Sadly it seems there are efforts to try and make breastfeeding seem that way.  I have seen numerous people tell mothers that “every feed makes a difference” and that even just a week of breastfeeding is something in terms of various health and well-being outcomes.  The problem is that the evidence doesn’t actually tell us this and formula apologists will jump on this rhetoric and then use findings like the one herein to throw out all findings on breastfeeding.  They ignore the nuances and the variability and the very, very important fact that when breastfeeding is examined in a biological or evolutionary way, the effects become more pronounced over more outcomes.

This doesn’t mean we don’t celebrate the feeds a mother has, but we need to do it for different reasons.  Primarily, you celebrate what she achieved because she wanted to achieve it and not because it will miraculously result in her child being more intelligent/healthier/slimmer/and so on.  It’s not only okay, but essential, we help women celebrate their breastfeeding victories without added rhetoric.  Support for what she achieved does not have to mean that we put breast milk up on a pedestal that research doesn’t support.  When we do that, we actually end up playing into the hands of those who thrive on trying to dismiss the need for breastfeeding support and assistance because the research doesn’t support the “magical elixir” view of breast milk.  In short: Celebrate your feeds because you had them and wanted them.  That’s enough.

If breast milk isn’t a “magical elixir”, how should we view it?

Got-Breatmilk1We need to get back to viewing breastfeeding in the biological manner it’s supposed to occur.  Then we compare outcomes based on that biologically normal perspective.  This means that each piece of research needs to include information on exclusivity and duration to allow us to create a “biological normative” group and then deviations from this normative group to determine the real effects of changes to how we feed our infants and the long-term impact of not breastfeeding in a biologically normative way.

As I previously mentioned, I have covered this topic elsewhere, but it’s worth mentioning that when we do include these types of comparisons (and in fact, we haven’t even seen a real “biologically normative” group in any research, but have seen at least comparisons of exclusivity or duration), the results support the notion that we are increasing the risks of various negative outcomes for our children and ourselves by not breastfeeding in this normative manner.  Some of the outcomes include cancer risk, obesity, and respiratory tract infections, to name a few.

Perhaps more importantly, we need to view the effects of not breastfeeding in a biological or evolutionary manner as dynamic and not static.  They will interact with environment, exposures, history, and so on to increase or decrease the risks for various outcomes.  Not only that, but nowhere should people view breastfeeding as the only variable that influences outcomes because that simply isn’t the case.  Breastfeeding is one variable, and may be rather important depending on the outcome, but it will still be influenced by other factors.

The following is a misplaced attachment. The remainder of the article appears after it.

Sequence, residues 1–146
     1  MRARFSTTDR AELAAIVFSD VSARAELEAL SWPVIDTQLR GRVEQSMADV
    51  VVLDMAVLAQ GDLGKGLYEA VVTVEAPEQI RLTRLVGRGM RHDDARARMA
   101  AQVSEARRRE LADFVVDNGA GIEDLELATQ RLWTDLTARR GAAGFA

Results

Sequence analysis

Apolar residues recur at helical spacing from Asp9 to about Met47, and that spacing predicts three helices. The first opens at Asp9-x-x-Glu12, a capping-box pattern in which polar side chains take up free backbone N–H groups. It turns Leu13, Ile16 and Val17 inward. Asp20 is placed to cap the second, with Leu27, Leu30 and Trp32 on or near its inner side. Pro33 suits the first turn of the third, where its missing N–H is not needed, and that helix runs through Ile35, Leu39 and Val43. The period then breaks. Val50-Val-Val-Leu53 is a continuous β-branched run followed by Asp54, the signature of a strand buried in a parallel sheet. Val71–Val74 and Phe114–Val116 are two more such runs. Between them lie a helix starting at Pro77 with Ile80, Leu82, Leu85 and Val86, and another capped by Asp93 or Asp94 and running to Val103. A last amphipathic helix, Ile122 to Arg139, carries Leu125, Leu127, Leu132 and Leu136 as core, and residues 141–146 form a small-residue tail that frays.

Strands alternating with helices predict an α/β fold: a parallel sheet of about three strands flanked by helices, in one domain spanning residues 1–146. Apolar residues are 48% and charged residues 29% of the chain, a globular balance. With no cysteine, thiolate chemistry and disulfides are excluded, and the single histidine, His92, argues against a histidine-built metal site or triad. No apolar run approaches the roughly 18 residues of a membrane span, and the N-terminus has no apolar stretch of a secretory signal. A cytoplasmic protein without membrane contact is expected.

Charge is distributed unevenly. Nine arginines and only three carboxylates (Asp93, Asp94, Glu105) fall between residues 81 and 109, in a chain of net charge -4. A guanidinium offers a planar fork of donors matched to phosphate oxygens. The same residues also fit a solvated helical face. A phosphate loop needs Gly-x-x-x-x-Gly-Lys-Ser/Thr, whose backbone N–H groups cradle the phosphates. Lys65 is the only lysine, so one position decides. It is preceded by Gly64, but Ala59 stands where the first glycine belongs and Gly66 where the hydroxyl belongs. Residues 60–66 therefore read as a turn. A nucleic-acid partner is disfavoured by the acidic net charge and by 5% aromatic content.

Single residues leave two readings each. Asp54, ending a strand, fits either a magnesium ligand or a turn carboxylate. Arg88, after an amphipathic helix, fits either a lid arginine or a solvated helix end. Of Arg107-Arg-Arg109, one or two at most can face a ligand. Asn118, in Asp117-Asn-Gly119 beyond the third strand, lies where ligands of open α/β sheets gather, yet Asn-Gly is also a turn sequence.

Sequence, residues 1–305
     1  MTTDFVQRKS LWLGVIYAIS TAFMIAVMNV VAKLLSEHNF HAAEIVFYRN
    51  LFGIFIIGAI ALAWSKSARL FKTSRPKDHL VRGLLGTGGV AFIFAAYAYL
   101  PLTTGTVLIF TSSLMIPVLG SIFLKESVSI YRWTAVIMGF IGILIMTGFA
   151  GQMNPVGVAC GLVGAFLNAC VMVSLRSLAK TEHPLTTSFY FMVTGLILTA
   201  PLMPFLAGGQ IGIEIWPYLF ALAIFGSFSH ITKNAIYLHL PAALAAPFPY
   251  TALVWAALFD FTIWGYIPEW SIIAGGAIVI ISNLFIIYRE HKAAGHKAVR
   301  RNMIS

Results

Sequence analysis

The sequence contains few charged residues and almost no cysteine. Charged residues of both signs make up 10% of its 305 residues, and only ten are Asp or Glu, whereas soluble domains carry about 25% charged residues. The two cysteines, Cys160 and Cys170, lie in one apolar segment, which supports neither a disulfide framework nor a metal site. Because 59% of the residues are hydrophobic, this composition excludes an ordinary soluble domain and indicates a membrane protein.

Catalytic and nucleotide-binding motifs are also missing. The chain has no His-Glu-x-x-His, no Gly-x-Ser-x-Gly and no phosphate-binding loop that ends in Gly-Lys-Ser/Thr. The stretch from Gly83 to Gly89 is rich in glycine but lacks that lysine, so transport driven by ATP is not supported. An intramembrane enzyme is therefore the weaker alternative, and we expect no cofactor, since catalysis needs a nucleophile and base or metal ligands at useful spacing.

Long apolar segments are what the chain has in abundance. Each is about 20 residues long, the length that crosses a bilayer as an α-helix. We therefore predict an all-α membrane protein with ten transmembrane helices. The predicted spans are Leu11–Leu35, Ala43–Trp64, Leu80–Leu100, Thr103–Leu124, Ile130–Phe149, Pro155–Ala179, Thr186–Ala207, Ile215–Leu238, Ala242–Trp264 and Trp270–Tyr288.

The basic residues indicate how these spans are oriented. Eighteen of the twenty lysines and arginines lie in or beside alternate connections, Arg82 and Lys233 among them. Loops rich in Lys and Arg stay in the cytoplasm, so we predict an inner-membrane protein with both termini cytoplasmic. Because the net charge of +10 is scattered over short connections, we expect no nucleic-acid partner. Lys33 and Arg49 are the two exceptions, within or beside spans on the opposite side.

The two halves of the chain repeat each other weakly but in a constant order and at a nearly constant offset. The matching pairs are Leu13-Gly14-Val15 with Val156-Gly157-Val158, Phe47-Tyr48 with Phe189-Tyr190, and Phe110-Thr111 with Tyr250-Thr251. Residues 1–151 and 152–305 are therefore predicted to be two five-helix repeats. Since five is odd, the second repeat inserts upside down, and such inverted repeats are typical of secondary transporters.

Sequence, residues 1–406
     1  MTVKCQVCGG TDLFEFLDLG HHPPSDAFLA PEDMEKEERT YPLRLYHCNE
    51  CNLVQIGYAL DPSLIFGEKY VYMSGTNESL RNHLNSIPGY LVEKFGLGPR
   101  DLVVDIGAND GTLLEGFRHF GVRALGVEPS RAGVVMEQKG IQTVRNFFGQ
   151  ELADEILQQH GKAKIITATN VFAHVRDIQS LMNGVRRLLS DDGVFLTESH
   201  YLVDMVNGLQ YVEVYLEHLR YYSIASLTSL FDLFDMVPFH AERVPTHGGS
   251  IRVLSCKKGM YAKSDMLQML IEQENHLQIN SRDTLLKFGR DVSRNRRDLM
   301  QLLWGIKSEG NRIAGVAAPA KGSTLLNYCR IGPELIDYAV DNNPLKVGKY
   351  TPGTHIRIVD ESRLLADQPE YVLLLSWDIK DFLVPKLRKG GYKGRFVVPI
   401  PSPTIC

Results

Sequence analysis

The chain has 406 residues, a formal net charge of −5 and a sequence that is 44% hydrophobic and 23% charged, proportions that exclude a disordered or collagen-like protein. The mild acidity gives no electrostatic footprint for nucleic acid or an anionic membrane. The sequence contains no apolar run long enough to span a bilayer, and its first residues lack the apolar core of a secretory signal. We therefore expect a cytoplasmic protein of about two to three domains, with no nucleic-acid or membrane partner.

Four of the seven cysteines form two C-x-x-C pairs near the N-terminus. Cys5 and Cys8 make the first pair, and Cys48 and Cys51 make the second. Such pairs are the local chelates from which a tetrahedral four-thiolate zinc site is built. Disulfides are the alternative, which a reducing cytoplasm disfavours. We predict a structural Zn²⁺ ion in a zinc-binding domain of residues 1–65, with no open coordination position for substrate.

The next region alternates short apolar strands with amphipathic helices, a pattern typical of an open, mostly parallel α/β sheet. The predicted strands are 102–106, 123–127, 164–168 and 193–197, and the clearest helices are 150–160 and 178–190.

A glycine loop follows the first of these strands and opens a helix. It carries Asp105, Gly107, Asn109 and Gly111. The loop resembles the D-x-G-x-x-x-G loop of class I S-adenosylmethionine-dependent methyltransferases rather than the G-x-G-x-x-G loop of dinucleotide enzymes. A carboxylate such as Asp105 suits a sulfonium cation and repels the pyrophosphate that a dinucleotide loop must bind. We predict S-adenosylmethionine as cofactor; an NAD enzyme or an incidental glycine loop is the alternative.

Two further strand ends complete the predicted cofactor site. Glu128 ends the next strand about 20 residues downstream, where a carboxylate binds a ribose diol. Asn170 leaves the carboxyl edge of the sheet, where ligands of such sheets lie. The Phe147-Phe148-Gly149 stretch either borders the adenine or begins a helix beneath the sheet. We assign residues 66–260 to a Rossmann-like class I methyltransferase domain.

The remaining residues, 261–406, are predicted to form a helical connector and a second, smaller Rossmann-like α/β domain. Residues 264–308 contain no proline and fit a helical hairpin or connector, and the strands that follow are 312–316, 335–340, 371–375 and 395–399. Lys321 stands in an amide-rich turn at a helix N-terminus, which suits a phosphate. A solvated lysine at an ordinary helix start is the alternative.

This means that can’t expect or look for a singular effect on everyone nor should we view the associated increased risks as being indicative of a life-sentence of something horrible.  Increased risk is simply that: An increased risk.  We all take risks in our lives and even in our parenting and we do so by weighing the benefits and risks of each scenario, infant feeding being no different.  The part that is often missing, however, is that to weight these risks and benefits, people need accurate information which they currently don’t really have when we don’t have the biological norm included as something to consider.

Okay, so that’s it? 

Well, one more thing.  I don’t know what measure these authors used to assess intelligence (and I actually went through and read other articles based on this twin dataset, but it seems different measures are used at different ages and I’m not sure which ones are included in the current analysis), but the study of intelligence and IQ is difficult at the best of times.  There is widespread controversy over how we assess intelligence, especially standardized measures, as the measure itself seems to be less about fluid intelligence (which should be unrelated to schooling) and more about fixed intelligence (things like facts and stuff learned in school).  This is why much of the research on IQ has always found a large relationship to schooling and SES, exactly the type of relationship the authors herein also found.  Thus, the idea that these variables are more important to certain measures of intelligence is absolutely a factor that needs to be considered, but may be less reflective of the authors’ conclusions about breastfeeding and more reflective of the nature of “general intelligence”.

No more?

Not at this time.  Though once the actual paper is out, perhaps there will be more to add!


The paper is out and yes, the authors did not examine anything other than breastfed or not.  Furthermore, there is reason to believe that most of the families did not breastfeed for long as the researchers had access to (but did not use) duration of breastfeeding, but it was assessed in DAYS.  Yes folks, days.  Not weeks or months.  Furthermore, the assessments of IQ are far from ideal in that early measures were parent-report assessments and even later ones were done over the phone or with packages sent to the family, meaning no person was properly administering them or overseeing their completion.  However, other research has suggested that the methods used in the TEDS database are valid proxies for IQ.

Very interestingly, in their discussion, the researchers don’t even acknowledge that their assessment of breastfeeding is problematic.  They don’t provide information on the average duration of breastfeeding and simply assume their measure of breastfeeding is appropriate for the question at hand.  I admit this lack of even acknowledging the issue when we know it’s an issue today makes me question the ethics and integrity of the researchers themselves.


[1] von Stumm S, et al. Breastfeeding and IQ growth from toddlerhood through adolescence. PloS One, in press.

[2] Horta BL, Victora CG.  Long-term effects of breastfeeding: a systematic review.  World Health Organization 2013.

[3] Victora CG, Horta BL, Loret de Mola C, Quevedo L, Pinheiro RT, et al. Association between breastfeeding and intelligence, educational attainment, and income at 30 years of age: a prospective birth cohort study from Brazil.  The Lancet Global Health 2015; 3: e199-e205.